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Thread: Need a CCD camera primer

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    Default Need a CCD camera primer



    When the weather is cloudy for weeks on end, like it is now, I do what every other astronomer does - I browse product catalogues and Google new gear. I drool a lot.

    So I was looking at CCD cameras and was blown away by the price range. There is everything from $300 to $12,000! I know you get what you pay for, but there's no way in the lifetime of this universe that I will be paying $12,000 for any camera. But, I assume there is some rational basic for choosing one camera over another.

    So why would one choose a $12,000 camera over a $200 one? Or, of more practical interest, how cheap a camera could one buy and still be able to take decent pictures.

    I am using a DSLR right now and getting decent results, so I am familiar with some of the challenges of AP.
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    Hi Keith I guess I could try to post a decent answer here

    The main cost issues/factors involved are:


    • warranty - some cameras like SBIG has 2-3 year warranty while QHY to my knowledge has none (I guess store based/support 30-day returns?)
    • CCD sensor megapixel number (generally the more the pixels the newer the ccd sensor and the more expensive to obtain/purchase)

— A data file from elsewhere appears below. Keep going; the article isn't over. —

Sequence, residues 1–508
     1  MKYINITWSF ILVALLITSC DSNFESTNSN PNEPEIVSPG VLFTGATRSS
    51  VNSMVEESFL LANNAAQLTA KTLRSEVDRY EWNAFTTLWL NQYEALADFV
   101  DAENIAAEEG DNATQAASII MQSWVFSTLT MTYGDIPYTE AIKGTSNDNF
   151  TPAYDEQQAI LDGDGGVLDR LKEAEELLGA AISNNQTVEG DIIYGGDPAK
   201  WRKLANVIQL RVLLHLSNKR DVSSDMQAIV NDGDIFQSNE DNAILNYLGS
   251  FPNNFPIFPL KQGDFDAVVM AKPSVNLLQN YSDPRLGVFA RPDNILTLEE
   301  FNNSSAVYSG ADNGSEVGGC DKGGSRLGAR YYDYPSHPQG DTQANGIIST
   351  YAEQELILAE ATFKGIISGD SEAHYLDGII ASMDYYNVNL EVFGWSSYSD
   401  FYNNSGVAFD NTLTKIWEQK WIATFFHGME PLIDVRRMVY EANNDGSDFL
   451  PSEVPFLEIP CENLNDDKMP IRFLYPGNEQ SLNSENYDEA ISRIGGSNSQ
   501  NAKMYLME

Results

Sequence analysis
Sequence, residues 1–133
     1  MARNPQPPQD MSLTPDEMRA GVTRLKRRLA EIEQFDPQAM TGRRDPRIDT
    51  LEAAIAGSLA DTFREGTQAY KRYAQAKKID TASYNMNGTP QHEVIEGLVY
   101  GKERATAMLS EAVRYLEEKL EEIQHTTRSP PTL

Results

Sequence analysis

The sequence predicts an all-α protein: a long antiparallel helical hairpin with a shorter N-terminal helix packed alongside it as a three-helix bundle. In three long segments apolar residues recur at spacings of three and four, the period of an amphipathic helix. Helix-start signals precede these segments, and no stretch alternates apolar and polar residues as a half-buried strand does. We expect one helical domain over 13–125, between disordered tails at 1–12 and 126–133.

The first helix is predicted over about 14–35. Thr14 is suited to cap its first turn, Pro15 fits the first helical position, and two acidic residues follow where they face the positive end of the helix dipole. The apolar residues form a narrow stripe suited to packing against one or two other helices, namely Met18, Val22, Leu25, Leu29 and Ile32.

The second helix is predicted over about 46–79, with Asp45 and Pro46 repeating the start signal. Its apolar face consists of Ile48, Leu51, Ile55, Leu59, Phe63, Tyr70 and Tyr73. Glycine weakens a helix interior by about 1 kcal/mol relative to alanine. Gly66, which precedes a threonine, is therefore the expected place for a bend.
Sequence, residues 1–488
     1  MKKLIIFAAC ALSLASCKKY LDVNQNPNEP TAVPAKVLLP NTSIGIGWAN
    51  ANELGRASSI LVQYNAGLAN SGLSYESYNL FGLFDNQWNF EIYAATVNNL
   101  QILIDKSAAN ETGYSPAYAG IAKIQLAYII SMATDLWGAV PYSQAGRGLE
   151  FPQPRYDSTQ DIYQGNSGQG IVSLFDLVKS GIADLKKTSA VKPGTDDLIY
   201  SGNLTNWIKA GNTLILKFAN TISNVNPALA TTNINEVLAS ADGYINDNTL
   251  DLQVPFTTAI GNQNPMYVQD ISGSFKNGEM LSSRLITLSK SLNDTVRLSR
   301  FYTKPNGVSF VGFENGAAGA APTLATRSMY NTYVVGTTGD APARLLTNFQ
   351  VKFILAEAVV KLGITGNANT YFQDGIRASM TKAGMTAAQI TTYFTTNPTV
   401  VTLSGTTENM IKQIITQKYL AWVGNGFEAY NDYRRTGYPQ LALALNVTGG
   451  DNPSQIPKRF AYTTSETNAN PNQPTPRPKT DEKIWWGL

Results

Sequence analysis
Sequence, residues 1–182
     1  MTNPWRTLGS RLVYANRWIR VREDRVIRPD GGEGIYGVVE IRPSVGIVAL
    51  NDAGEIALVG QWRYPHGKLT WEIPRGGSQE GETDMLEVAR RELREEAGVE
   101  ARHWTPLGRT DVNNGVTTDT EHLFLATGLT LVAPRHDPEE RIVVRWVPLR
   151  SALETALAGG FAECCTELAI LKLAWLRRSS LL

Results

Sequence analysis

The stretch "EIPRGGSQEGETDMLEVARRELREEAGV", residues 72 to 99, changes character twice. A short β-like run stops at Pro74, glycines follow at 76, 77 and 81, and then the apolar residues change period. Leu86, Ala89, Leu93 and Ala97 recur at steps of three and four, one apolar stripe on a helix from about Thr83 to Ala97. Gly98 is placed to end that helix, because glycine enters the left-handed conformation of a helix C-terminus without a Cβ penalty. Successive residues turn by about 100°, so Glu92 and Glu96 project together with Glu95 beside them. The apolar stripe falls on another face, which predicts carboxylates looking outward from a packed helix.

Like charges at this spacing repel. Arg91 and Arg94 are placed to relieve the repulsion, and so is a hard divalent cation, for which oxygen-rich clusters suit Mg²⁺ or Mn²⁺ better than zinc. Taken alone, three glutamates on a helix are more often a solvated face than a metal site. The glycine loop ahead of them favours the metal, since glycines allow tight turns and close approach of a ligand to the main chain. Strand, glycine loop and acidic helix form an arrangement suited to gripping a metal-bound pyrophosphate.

• CCD class/grade (1,2, no column defects, defects)
    • CCD mono (monochrome) or color (one shot cameras - termed OSC) - most pro's prefer mono cameras.
    • sensitivity (usually the more sensitive the chip, the more expensive) measured also by quantum efficiency: http://en.wikipedia.org/wiki/Quantum_efficiency
    • noise (read noise value) and noise reduction technology (from none, to fan based, to active thermo-electric cooling (TEC), or even water cooling - to a combination of methods - all add to cost; TEC efficiency is based on the ability eg
      C Delta Cooling measurement)
    • Adaptive optics, shutter capability, frame/memory buffer and other internal features of electronics
    • Download speed (usb 2.0/3.0/ethernet) / fps (frames per second) for planetary imaging ccd's
    • nitrogen/gas purged/"moisture free"/etc. ccd chamber - rids moisture from dewing, collecting on imaging/optical sensor chamber - different manufacturers have different methods leading to different costs - some have User Rechargeable Desiccant Plug to remove moisture as it may build up in the chamber.